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50. The wonderful fresco of Saint Ignatius' church

Updated: Mar 21, 2020

By - Giulio D'Ercole

During our Rome by Day tours, being them the "Beauty and History" one or "Churches, Angels, and Art", we will surely walk from the amazing Pantheon towards Piazza Venezia, and on our path, we will come across the beautiful Church of St. Ignatius of Loyola at Campus Martius. This is a Roman Catholic titular church, dedicated to Ignatius of Loyola, the founder of the Society of Jesus, and it was built in the typical Baroque style, between 1626 and 1650. Initially, the church functioned as the chapel of the adjacent Roman College, which moved in 1584 to a new larger building and was renamed the Pontifical Gregorian University, one of the most prestigious universities in the Catholic world.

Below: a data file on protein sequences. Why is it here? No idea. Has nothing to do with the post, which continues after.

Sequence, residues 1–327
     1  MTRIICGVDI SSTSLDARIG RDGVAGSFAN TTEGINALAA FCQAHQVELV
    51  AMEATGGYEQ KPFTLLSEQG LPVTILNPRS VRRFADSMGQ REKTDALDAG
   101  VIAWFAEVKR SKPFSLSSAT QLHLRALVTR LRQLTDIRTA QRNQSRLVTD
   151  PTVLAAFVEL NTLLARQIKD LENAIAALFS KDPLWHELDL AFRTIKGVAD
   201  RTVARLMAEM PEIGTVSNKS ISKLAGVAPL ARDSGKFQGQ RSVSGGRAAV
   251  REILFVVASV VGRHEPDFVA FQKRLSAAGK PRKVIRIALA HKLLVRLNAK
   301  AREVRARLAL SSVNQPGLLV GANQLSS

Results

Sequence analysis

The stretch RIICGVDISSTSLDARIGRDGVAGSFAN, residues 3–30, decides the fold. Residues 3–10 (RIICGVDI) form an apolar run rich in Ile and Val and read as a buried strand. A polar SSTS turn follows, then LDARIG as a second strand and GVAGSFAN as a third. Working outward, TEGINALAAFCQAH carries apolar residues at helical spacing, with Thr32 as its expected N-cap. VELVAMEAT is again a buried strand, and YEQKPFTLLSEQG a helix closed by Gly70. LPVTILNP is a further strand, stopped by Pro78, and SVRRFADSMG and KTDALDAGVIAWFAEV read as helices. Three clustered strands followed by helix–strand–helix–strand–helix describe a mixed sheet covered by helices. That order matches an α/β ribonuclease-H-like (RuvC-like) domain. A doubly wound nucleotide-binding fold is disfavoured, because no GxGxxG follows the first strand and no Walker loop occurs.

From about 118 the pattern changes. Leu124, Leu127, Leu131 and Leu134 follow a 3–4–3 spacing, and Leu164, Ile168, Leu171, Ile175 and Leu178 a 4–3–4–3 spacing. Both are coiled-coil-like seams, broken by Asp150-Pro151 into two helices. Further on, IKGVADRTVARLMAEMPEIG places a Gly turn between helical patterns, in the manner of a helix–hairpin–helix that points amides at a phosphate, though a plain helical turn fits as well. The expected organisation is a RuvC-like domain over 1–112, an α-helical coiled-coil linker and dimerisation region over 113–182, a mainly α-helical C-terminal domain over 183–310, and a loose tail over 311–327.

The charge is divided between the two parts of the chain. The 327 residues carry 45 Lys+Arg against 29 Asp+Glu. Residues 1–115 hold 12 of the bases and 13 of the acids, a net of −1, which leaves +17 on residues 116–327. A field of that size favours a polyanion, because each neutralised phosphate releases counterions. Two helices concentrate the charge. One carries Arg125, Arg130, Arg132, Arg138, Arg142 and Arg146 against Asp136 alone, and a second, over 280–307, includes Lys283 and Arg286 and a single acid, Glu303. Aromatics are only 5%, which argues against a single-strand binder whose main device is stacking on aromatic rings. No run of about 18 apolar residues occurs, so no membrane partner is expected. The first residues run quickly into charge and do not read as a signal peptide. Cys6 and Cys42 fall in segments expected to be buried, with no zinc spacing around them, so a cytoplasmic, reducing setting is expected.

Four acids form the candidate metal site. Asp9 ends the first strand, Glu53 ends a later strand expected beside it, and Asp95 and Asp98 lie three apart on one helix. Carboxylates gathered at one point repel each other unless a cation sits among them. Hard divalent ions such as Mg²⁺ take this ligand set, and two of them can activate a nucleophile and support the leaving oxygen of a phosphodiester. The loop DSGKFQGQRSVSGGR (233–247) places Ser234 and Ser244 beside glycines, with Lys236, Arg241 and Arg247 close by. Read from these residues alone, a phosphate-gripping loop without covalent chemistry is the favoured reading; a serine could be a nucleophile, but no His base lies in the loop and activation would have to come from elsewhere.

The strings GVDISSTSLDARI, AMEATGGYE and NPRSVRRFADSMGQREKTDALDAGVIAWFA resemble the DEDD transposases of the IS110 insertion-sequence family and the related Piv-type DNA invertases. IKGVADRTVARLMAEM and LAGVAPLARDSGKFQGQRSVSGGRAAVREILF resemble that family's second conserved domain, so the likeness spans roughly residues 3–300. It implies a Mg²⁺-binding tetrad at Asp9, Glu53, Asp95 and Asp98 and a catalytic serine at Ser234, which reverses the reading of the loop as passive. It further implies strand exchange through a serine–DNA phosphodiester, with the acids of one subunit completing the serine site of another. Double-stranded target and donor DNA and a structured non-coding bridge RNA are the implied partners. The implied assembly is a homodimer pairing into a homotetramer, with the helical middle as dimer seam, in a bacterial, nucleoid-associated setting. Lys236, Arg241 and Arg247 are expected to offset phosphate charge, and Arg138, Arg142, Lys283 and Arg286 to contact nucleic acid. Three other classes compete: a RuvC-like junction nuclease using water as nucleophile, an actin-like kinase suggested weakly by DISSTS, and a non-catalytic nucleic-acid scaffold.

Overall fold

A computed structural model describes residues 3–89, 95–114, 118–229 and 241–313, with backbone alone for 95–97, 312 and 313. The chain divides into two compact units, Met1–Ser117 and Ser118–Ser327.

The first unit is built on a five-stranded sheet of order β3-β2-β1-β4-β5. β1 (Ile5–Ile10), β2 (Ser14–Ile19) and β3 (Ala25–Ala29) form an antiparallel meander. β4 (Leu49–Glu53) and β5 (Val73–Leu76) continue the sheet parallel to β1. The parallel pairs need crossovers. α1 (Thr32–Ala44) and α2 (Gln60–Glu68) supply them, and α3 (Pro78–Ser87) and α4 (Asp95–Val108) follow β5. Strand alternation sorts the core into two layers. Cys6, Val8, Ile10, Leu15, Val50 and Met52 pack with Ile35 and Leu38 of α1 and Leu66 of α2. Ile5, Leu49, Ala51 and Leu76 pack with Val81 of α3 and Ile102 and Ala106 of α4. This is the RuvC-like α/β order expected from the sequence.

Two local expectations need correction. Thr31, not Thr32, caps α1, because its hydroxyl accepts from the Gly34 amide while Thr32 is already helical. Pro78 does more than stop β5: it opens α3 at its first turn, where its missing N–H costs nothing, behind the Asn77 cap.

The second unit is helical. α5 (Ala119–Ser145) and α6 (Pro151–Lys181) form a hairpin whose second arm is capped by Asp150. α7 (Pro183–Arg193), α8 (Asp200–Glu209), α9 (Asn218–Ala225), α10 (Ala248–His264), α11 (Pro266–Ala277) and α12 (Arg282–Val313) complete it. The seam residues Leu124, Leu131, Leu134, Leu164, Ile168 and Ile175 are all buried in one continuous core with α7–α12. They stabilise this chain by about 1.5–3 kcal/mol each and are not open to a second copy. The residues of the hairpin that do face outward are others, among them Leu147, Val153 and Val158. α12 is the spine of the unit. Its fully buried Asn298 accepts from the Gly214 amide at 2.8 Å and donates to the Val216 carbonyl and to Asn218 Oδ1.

When we will enter the church, we will be immediately be charmed by its beauty, but what will really amaze us will be the fresco above our heads.

Painted by a Jesuit lay brother, that went by the name of Andrea Pozzo, the fresco celebrates the work of Saint Ignatius and the Society of Jesus in the world, presenting the saint welcomed into paradise by Christ and the Virgin Mary and surrounded by allegorical representations of all four continents. In perfect line with the Baroque style of those times, which loved to play with perspectives and "tromp l'oeil", Pozzo worked to open up, even dissolve the surface of the nave's barrel vault through an optical illusion, so to make an observer see a huge and lofty cupola by opening it to the bright sky, which was filled with upward floating figures. The perfect spot to watch this amazing fresco is a marble disk set into the middle of the nave floor.

Placed on a stand on the floor, a magnifying mirror will allow us to see, reflected on it, all details of the fresco.

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